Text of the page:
Portfolio by Frank Heath

Home of the Bill T. Jones / Arnie Zane Company


Frank Heath 1

Cenotaph for 1962 Diamond Jubilee Time Capsule, Wilkinsburg, PA 15221, 2013. Found scan of rock, Polylactide resin print, photograph, postage.

Frank Heath 2

Cenotaph for 250th Anniversary Time Capsule, Medway, MA 02053, 2013. Found scan of rock, Polylactide resin print, photograph, postage.

Frank Heath 3

Cenotaph for 1891 Centennial Time Capsule, Lyndon, VT 05849, 2013. Found scan of rock, Polylactide resin print, photograph, postage.

The history of time capsules, the collective assembly of objects and information sent as correspondence to a distant future, is notoriously filled with examples of lost deposits. Their burial locations are often kept secret to prevent tampering, and when the target retrieval date comes around, fifty or one hundred years later, anyone who knew where to look has forgotten or expired. Many others have been stolen or destroyed by mistake.

These works are the third iteration in a series that makes use of various obsolete addresses as a way of engaging marginal histories, and it takes advantage of the fact that one can send unpackaged objects through the United States Postal System. The 3-D printed stones pictured above were made from found scans shared by online warehouses and mailed to the impossible, unlocatable sites of three missing time capsules. Traceable via tracking numbers, but with no return addresses, they can been monitored but have no way out, leaving the sculptural components of these works in limbo. Only the photographs remain as a trace. Pictures of these markers were taken against the chroma-key architecture of the post office—blue screens that, as in films, are used to transpose subjects across space and time—just before they were dropped into the portal of a mailbox.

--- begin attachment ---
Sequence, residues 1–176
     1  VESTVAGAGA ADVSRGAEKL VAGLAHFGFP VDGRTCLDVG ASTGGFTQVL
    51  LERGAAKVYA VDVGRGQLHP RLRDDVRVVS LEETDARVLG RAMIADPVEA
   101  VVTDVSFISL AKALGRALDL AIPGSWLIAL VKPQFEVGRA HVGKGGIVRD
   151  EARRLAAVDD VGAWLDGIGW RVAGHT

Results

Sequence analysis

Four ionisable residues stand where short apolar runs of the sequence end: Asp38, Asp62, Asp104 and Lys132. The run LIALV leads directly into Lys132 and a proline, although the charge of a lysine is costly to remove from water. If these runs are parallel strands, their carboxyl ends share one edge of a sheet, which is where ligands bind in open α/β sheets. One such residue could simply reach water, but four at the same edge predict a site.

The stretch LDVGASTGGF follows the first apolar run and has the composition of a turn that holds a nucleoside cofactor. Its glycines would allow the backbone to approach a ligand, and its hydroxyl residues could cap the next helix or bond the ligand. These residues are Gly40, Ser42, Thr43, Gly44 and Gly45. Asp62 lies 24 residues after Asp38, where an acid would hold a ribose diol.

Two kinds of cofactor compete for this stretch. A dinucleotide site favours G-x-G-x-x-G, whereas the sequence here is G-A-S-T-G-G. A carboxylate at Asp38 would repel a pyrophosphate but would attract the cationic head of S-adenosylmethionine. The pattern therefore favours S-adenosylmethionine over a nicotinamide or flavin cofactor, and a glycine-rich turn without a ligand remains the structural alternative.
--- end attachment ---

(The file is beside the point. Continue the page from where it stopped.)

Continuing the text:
Frank Heath (b. 1982, St. Joseph, MO) has held solo and two-person exhibitions with Simone Subal, New York; Roots and Culture, Chicago; and Videotage Gallery, Hong Kong. His work has been included in group exhibitions and screenings at The Kitchen, New York; the Power Plant, Toronto; Mixer, Istanbul; Franklin Street Works, Stamford, CT; High Line Art, New York; Simon Preston Gallery, New York; Frutta, Rome; Soho House, Miami; the Cooley Gallery at Reed College, Portland; and Pomona College Museum of Art, Pomona. Heath holds an MFA from Yale University. He currently lives and works in New York.

Daido Moriyama by Bree Zucker
Daido Moriyama Bomb 7

“The street is always interesting because any world of images I construct is promptly dismissed once I go outside.”

Sarah Oppenheimer by Alexander Galloway
Sarah Oppenheimer 05 Bomb 137

Open floor plans are less open than we think—and ripe for intervention. Oppenheimer’s latest effort is on view at the Pérez Art Museum Miami.

Ethan Greenbaum by Andrianna Campbell
Greenbaum Tyvek 1

“It’s nice when you can make connections in hindsight. Your life feels like chaos and then you realize that there are patterns.”